The young King is convincingly played by Graeme Currie, who gets to speak some of the real words written by King about his early years. He is ably supported in his role by his two sisters and his Mother, played by Diana Barber. Popular legend is that King was totally dominated by his Mother, but playwright Young rightly places father King (played by John Hurwitz) as the person who ran the household.
The unlikely person of Homer Watson, the famous painter, is a recurring figure in the play. Played by Trevor Middleton, Watson sets the tone for the production as he discusses the link between “man, nature and the spiritual world.”
I could go on, but delving further would likely allow one of the secrets to leak out, and we all know how contentious leaks are these days! Suffice to say that Secret at Woodside is placed at the crossroads about King becoming the man of Canada's future. It is a welcome candle on Canada's 150th birthday cake.
Performances continue through June 18 at KWMP Arts Centre in Kitchener, near the corner of Lackner and Ottawa. Order online at: www.woodscribe.ca/secretatwoodside.html.
I recently attended a talk by Dr. Janna Levin, at the Perimeter Institute in Waterloo, where she presented a fine report on the background to the discovery of gravity waves.
Her book on the topic was published just before the discovery of gravity waves, so that momentous event is relegated to a brief Epilogue. While the timing was unfortunate, since the discovery was not made the central focus of the book, my concerns with the text go far deeper.
Since the book is geared to a general science audience, I expect virtually no member of the general science-interested public will have any personal knowledge of the scientists mentioned. It was my good fortune to have met most of the great scientists Levin includes in the book.
Thus I was shocked early on (page 29) to read this sentence regarding John Wheeler and Robert Oppenheimer. “Although Wheeler did not testify in the hearing in 1954 that would strip Oppenheimer of his security clearance (the notorious Edward Teller did), Wheeler was not entirely unsympathetic to the testimony or the decision.”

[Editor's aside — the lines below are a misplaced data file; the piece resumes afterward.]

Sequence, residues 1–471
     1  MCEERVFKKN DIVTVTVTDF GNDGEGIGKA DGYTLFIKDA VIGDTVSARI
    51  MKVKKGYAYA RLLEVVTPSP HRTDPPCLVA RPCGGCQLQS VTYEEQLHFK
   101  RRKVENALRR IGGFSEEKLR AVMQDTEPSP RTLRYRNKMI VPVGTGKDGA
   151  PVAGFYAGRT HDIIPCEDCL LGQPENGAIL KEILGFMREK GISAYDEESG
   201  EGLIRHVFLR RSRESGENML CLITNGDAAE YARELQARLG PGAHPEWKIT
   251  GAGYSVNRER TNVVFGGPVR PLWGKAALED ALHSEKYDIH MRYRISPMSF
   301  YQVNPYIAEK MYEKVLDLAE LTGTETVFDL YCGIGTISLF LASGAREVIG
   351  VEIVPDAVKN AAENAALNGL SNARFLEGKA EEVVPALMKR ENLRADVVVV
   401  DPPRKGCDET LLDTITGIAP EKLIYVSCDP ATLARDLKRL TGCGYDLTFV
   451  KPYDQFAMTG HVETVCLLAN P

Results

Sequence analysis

What is reader supposed to take away from this description of Edward Teller as notorious? Levin does not even tell the reader who Teller was. He was certainly no criminal, which is usually the sort of person who gets 'notorious' thrown at them. Teller, who I knew, was the father of the H-bomb and one of the greatest minds of the 20th century. I also knew Wheeler, who had a great influence on me.
I continued with my reading until page 64, when I read “polio-sabotaged astrophysicist, Philip Morrison.” I can only consider the one-liner descriptions of Teller and Morrison to be the crudest form of caricature I have ever read in a book of science. Morrison was a wonderful person, combining kindness and brilliance. To have his career encapsulated is such a politically incorrect way will be hurtful to his family and all who remember him. At least Teller gets a mention in the Index, Morrison does not. What does polio-sabotaged even mean? Would anyone dare say that about FDR? Their personal medical issues obviously did not prevent them from rising to the heights of eminence.
Since I could only force myself to skim read the remainder of the book, I cannot offer further comments.
Black Hole Blues (241 pages) is by Knopf.
In grateful memory:
Edward Teller (1908-2003)
Philip Morrison (1915-2005)
Seo Eun Kim, who earned her Bachelor of Arts degree at the University of Toronto this year, was honoured with a gallery opening on June 1, 2017.
I interviewed her about the broad concept of the meaning of art, both in the eyes of the artist, and the eyes of the beholder. Her views are refreshing.
"A lot of artists are concerned with artists' statements. I understand that in the process of getting grants, you need to explain what you are doing. It's not unnatural, but it is backwards," she said.
She places the paintings first, the linguistics second. "It feels like you have done so much work to put it on canvas, it's a bit disappointing because you want people to take the responsibility to extract what he or she wants. You can have a dialogue without explicit input from the author. Discussing what reactions or receptions should be seems counter intuitive."
Sunny, as she is called, is a Korean-born artist who has given a lot of thought to what she terms "the linguistic articulation of painting." She laments that "I feel I'm the only one who missed the point."
As an expert on art, I can say her views are in fact quite correct. While they may not be politically correct, that ground can shift and she will come out the winner.
Her art can be viewed at Yumart Gallery, 401 Richmond Street West, Suite B20, Lower Concourse, Toronto.
Photos with this article copyright Dr. C. Cunningham